A long-term sufferer from back pain and rheumatism, the 55-year-old sees the 20 roll-ups he has been smoking every day for the past 35 years as "a form of medication".

"Smoking helps with the pain."

James Hanshaw
James Hanshaw: "We got 20 Players for sixpence"

Mr Hamilton's friend, James Hanshaw, 81, started smoking in the Royal Navy during World War II - when servicemen's cigarettes and tobacco were subsidised.

"We got 20 Players for sixpence and a pound of 'baccy for half a crown - everyone smoked," he tells me between races.

After getting through 100 cigarettes every day for almost 40 years, Mr Hanshaw finally gave up - for health reasons - at the age of 55.

But his children and grandchildren still smoke.

And it remains part of working-class culture, according to Mr Hanshaw.

"Richer people have more things to occupy their minds, the working class do not have so many outlets."

Lee Brown
Lee Brown: "If you are out of work, you are less likely to be motivated"

The other side of the counter, Lee Brown, 30, has been taking bets in Tower Hamlets for the past year.

A 20-a-day man for the past 12 years, he puts the borough's high-incidence of smoking-related fatalities down to opportunity as well as motive.

"It has nothing to do with social status - you can be a millionaire and still smoke 60 a day.

"But if you are out of work and stuck in a council flat, you are less likely to be motivated to stay healthy."

And Tower Hamlets is the perfect environment for a smoking culture born of deprivation to flourish, Mr Brown tells me between punters.

"There are a lot of betting shops, pubs and Indian restaurants where you can smoke."

"My previous shop, in Hackney, was bigger, and we had a smoking area at one end and non-smoking at the other."

But is apartheid-style segregation really the answer?

My next stop is a pub - with separate bars for smokers and non-smokers.

And as soon as I go in somebody asks me for change for the cigarette machine.

Gerry O'Hara
Gerry O'Hara: "When I started, everybody I knew smoked"

But sitting in the smoking section and sucking on a cigarette-surrogate nicotine inhaler, is one man determined to buck the Tower Hamlets trend.

Gerry O'Hara's grandparents smoked, his parents smoked, and his daughter smokes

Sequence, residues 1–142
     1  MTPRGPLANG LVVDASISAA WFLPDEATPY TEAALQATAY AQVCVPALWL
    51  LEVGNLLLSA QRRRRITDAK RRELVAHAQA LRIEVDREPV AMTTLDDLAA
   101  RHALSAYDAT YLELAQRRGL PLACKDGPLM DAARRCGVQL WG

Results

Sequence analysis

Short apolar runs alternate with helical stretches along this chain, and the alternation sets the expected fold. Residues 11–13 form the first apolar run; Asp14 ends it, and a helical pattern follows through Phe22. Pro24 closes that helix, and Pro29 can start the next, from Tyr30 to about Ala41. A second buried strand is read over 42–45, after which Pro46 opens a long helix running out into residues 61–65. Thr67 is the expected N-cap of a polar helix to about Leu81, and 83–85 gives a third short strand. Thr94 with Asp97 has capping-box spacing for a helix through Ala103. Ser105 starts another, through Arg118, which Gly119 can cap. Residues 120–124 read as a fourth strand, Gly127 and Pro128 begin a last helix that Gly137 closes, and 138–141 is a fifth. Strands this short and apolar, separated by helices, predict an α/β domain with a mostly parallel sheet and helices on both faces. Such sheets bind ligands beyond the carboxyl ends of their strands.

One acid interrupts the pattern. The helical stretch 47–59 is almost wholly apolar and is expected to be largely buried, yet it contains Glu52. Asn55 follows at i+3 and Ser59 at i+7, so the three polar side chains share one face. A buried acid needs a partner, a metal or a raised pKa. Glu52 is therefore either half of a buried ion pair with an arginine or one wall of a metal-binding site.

At the age of 51, he had smoked 20 cigarettes every day for more than 30 years.

But after a "cancer scare" and being diagnosed with angina, he has given up - on Tuesday, and "so far, so good".

Unsurprisingly, Mr O'Hara puts the area's high incidence of smoking-related fatalities down to "peer pressure".

But he adds: "The poorer you are, the more pressure you are under, and people smoke because they are stressed.

"When I started smoking, everybody I knew smoked - but it is not just Tower Hamlets, it is working-class areas throughout the country," Mr O'Hara, a caretaker, tells me between sucks.

"If you work in an office, you have to stop smoking for eight hours a day - but if you work on a building site you can carry on."

Working-class culture

My final stop is an office - one attached to the London Independent Hospital, which specialises in treating heart disease.

Marketing manager Malcolm McCoskery, 48, has never smoked, and his parents gave up in their 20s.

He believes smoking has less to do with working-class culture and more to do with the stress caused by economic deprivation and unemployment.

Health campaigns are failing to reach people living in poorer areas, Mr McCoskery tells me between patients.

And, perhaps most worryingly of all, the hospital's heart patients are getting younger and younger.

Scotland smoking ban to go ahead
10 Nov 04 |  Scotland
Smoking ban: What they said
10 Nov 04 |  Scotland
Living in an anti-smoking climate
10 Nov 04 |  Scotland
Timeline: Smoking and disease
22 Jun 04 |  Health